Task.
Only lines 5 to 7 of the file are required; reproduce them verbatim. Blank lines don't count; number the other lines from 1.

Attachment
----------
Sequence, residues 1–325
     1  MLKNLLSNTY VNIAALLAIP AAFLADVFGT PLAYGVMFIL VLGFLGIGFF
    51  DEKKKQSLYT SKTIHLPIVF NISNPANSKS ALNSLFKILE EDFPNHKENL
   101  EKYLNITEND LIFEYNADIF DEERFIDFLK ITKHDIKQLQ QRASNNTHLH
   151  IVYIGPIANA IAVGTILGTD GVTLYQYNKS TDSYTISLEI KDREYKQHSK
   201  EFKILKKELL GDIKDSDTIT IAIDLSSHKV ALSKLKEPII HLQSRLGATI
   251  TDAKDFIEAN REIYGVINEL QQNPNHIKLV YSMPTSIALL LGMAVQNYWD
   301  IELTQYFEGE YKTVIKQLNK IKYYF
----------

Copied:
   151  IVYIGPIANA IAVGTILGTD GVTLYQYNKS TDSYTISLEI KDREYKQHSK
   201  EFKILKKELL GDIKDSDTIT IAIDLSSHKV ALSKLKEPII HLQSRLGATI
   251  TDAKDFIEAN REIYGVINEL QQNPNHIKLV YSMPTSIALL LGMAVQNYWD